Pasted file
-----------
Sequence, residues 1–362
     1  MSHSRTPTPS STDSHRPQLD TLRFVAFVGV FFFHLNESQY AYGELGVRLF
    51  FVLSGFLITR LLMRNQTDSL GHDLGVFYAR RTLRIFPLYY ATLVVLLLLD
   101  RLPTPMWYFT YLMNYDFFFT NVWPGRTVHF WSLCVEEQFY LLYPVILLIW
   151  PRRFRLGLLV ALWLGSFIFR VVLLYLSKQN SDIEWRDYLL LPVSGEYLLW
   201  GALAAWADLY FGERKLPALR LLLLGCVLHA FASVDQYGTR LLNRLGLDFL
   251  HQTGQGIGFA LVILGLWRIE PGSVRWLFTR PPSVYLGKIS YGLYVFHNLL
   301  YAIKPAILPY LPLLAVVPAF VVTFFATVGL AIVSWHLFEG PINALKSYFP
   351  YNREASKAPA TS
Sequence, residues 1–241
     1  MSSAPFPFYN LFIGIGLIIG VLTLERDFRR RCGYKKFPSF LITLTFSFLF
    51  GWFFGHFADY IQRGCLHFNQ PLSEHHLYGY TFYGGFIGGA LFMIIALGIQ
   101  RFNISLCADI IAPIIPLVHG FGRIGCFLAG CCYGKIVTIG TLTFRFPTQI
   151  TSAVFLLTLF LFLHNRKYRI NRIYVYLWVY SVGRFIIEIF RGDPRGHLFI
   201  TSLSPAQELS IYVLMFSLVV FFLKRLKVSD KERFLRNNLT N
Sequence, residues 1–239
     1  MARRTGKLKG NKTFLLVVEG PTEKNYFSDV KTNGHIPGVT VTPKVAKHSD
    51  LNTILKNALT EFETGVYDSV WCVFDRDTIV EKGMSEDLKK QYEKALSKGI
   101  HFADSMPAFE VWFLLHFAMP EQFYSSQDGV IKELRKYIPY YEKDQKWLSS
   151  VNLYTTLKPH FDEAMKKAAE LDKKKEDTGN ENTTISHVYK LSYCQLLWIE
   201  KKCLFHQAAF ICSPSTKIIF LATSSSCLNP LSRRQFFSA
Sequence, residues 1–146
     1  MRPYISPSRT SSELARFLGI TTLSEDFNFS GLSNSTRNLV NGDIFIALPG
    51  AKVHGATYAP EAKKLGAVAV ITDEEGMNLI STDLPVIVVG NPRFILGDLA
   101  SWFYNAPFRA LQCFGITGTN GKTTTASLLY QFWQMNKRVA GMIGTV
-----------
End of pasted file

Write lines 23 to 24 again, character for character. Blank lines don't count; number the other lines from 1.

     1  MRPYISPSRT SSELARFLGI TTLSEDFNFS GLSNSTRNLV NGDIFIALPG
    51  AKVHGATYAP EAKKLGAVAV ITDEEGMNLI STDLPVIVVG NPRFILGDLA